Tag Archives: Lidia

MasterChef 4 recap: Baby Eels and Agnolotti (S4E9)

(PLEASE NOTE: This blog is not approved or endorsed by MasterChef or Fox, and you probably shouldn’t read it.  The opinions contained in this blog are merely the OPINIONS of a former MasterChef contestant who has no inside knowledge of how this season was produced.)

So our magical time machine transports us back from the longest-pressure-test-ever in Vegas back to the MasterChef kitchen, and apparently the contestants don’t know who was eliminated.  (You can bet they all knew the likelihood of Luca being safe, though.)  Krissi is worried that Kathy would be eliminated, and Kathy is her only friend left on the show.  (Fascinatingly enough, a fellow contestant indicates that Kathy arrived to MasterChef with a very bold diva look, with big orange hair and giant hoop earrings, and before the signature dish round, the producers made her transform into something more mousey and less Kathy.  They took her to have her hair colored, they took away her jewelry, and they made her wear baggy, drab clothes.  What a shame that she couldn’t be herself!)

When Luca walks through the door, we see genuine despondence on Krissi’s face.  Sorry, gal.

We also find out in this segment that Eddie is originally from Texas!!  So even though he now lives in Georgia, I’m gonna consider him a Texan along with James.

The mystery box today is awesome…a bounty of bizarre ethnic ingredients with no English on the labels.  And the judges aren’t going to tell the contestants what they are…they have to figure it out for themselves.  I would actually like this mystery box, even though I normally hate them.  Ethnic markets are where I do the majority of my shopping these days, and I love buying stuff with interesting packaging when I don’t have a clue what’s inside.

The box isn’t THAT bizarre, there are just a few items that are “out there.”  I immediately see rambutan, which is one of my favorite fruits!  It’s has a spiky outer shell, and a large, hard inner seed that is covered with a 1/2″ layer of fruit that has the consistency of a grape, and a beautiful, delicate, fragrant flavor.  When I’m in Hawaii, the place where I always stay has rambutan trees and I just gorge myself.

It also looks like there’s a Chinese bitter melon (it looks like a cucumber), which is the milder of the 2 species of bitter melon and is GREAT sauteed with scrambled eggs and a little soy or curry paste.  Bitter melon is used as a highly effective insulin regulator in other countries…in fact, in India, it’s practically the ONLY thing doctors prescribe to treat diabetes, and some Indian MD’s claim it can actually cure diabetes.  If you enjoy or can tolerate bitter flavors and you are diabetic, you should check it out.  Get the Chinese variety over the smaller, wartier Indian variety if you can.  The Chinese type is less bitter:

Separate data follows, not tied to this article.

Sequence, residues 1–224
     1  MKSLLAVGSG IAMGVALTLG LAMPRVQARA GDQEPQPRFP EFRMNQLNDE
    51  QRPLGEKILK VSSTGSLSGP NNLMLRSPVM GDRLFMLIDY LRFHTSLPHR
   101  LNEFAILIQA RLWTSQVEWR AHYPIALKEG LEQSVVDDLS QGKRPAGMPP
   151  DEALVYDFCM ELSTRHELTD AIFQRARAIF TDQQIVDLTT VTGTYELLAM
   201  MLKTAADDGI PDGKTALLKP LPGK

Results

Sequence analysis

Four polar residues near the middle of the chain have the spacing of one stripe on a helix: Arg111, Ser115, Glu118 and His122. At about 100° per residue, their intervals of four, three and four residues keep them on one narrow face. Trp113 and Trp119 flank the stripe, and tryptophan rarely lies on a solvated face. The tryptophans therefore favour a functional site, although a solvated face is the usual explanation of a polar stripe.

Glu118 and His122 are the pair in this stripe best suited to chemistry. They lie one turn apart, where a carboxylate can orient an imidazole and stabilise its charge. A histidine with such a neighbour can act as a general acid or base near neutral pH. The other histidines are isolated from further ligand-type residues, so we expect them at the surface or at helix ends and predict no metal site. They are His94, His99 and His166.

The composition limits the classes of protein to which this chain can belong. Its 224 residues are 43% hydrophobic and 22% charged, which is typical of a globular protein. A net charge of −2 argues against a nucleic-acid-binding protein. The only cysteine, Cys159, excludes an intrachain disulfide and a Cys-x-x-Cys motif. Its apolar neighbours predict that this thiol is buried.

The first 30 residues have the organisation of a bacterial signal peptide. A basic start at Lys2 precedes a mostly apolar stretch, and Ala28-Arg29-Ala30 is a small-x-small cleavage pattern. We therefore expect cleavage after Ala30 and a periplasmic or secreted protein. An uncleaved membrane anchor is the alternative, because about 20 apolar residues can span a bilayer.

I also see some sea beans or sea asparagus.  I LOVE this stuff.  I cook with it all the time when I’m in Hawaii because it’s so cheap there.  Sea asparagus is a type of seaweed that is crunchy, juicy, succulent, and naturally salty.  It is amazing raw in salads or lightly sauteed.  Adrien Nieto and I put it into our Hawaii-Mexican fusion “guaca-poke,” which is a cross between guacamole and the Hawaiian staple poke (properly pronounced “POE-kay” though rampantly mispronounced “POE-kee” even in Hawaii).  Poke is Hawaii’s version of ceviche, raw fish (often ahi tuna) marinated with soy and sesame and tossed with onions and sea asparagus or seaweed and a variety of other veggies.  So Adrien and I make guaca-poke with raw cubed ahi, avocado, cilantro, fresh ginger, onion, garlic, sea asparagus, tomato, and lime juice.  It’s DIVINE.  If you ever see sea asparagus at your local market, you should try it.  Good stuff: